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How to Care for Indoor Plants

Plants & Flowers Aug 3, 2016

By: Geneva V

Indoor plant care guide

Ok so it won’t be news to you that I’m a HUGE indoor plant enthusiast.

This has come on strong in the last few years, namely when we started decorating the new studio – an industrial space that desperately needed plants to give it some life and oxygen (and also give your eyes some relief). I spent more money than I would like to admit on the plants for the studio, and in the last two years here I’ve subsequently learnt a lot about what works and what doesn’t when it comes to keeping them alive. Fast forward and now that we’re doing the apartment up I’ve been once again stocking up on the greenies, but this time with enough experience to know what to buy and where to put them.

Knowing how much you guys love plants too, we decided to put together a plant guide, something for you to take with you to the nursery if you’re inspired to add a little green to your studio home or dorm.  We consulted our local nursery and our own experience for the tips and Annie did these gorgeous illustrations of all my favourite indoor plants. We’ve given you a general overview and also a plant by plant reference guide too. Enjoy! Oh and stay tuned in the next few days for our second post, which will further help you decide what plants you should buy for your indoor space. xxx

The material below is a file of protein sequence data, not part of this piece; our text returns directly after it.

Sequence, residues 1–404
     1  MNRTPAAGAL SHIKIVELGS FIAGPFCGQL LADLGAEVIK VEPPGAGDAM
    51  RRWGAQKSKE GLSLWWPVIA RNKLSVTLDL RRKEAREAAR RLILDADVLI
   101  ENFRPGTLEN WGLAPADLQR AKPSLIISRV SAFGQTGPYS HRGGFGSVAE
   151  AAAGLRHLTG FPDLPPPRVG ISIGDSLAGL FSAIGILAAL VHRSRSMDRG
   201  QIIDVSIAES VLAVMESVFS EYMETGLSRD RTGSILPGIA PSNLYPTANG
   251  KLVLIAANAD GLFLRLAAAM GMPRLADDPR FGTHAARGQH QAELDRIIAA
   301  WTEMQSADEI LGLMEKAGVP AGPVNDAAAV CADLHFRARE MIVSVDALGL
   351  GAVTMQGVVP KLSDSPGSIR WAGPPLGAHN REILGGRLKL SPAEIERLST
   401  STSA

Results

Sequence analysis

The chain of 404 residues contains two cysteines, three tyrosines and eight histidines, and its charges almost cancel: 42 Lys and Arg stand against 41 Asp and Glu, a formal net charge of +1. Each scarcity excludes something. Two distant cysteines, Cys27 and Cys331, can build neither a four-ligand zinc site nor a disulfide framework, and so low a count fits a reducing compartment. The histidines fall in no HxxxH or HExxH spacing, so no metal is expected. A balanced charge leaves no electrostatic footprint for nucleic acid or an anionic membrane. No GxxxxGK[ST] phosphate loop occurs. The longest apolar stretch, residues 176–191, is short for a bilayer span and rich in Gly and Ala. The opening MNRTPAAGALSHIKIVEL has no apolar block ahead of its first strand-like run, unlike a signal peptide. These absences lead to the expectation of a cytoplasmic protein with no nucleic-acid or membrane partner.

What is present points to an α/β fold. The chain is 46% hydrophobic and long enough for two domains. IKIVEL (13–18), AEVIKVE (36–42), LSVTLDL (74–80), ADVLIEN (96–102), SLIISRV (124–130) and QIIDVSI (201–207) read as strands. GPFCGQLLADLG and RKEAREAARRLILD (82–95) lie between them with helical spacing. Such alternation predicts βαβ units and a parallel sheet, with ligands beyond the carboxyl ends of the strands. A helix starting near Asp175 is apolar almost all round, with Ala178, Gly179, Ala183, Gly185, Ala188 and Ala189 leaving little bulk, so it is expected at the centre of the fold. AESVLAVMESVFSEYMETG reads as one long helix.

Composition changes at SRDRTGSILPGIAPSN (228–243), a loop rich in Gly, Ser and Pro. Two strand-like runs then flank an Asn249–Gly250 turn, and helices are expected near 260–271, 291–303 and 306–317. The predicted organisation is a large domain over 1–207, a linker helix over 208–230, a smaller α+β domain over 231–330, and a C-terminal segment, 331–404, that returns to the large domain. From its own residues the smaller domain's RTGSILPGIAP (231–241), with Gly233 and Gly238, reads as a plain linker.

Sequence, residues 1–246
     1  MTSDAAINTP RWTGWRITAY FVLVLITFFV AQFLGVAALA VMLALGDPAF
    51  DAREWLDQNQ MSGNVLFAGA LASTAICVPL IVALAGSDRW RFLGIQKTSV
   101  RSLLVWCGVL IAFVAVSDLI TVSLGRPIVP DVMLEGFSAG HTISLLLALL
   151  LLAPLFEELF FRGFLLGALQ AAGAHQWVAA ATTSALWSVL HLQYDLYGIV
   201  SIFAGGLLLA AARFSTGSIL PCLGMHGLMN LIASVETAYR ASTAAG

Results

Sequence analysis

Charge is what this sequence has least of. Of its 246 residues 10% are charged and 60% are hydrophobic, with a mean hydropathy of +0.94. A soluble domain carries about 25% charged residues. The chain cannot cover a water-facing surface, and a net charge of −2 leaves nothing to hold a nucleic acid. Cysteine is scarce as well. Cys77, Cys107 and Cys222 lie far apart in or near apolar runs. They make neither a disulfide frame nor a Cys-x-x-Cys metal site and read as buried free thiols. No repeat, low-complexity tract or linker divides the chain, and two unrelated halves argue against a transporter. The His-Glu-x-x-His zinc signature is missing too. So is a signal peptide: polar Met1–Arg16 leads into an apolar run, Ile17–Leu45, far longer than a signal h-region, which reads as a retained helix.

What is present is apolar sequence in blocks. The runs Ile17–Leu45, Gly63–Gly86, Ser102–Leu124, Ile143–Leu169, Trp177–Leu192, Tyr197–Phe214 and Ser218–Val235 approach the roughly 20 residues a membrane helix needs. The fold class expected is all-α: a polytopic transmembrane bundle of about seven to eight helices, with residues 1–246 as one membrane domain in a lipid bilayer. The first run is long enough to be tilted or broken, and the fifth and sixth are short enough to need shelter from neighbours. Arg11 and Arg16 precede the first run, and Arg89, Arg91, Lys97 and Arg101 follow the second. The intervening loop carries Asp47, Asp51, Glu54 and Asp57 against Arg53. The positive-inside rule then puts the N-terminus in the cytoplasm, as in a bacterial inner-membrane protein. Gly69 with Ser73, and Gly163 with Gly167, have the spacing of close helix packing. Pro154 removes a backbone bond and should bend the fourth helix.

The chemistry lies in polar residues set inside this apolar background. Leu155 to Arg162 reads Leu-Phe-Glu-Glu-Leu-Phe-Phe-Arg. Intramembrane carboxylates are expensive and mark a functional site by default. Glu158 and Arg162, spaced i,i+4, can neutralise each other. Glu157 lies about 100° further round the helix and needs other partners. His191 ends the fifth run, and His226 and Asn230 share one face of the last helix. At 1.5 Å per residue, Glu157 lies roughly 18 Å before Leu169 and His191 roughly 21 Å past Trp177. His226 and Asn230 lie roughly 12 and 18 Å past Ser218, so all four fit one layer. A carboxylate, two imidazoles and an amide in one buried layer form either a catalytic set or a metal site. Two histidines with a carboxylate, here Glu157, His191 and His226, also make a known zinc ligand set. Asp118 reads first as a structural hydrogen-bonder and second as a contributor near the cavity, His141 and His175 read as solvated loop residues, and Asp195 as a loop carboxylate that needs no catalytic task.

Luckily you don’t have to have the greenest of thumbs to keep plants around the house, but before you do go and buy a forest worth of them from your local nursery, it’s worth considering the time and energy you are able to put into caring for your plants. Depending on the species, some will require a little more TLC while others are known to be virtually un-killable. Here are some general tips to keep in mind.

Direct or indirect sunlight

All plants need sunlight to photosynthesise, but the type of sunlight needed by each plant may differ. Some plants like the direct sun rays hitting their leaves while others like reflected sunlight. It may be a case of trial and error to find out if your plant is receiving the right amount of light. Most houseplants are tropical plants that flourish in indirect sunlight, but refer below for specific . You will be able to tell if your plant is exposed to too much light if the leaves are dull and have brown edges or spots.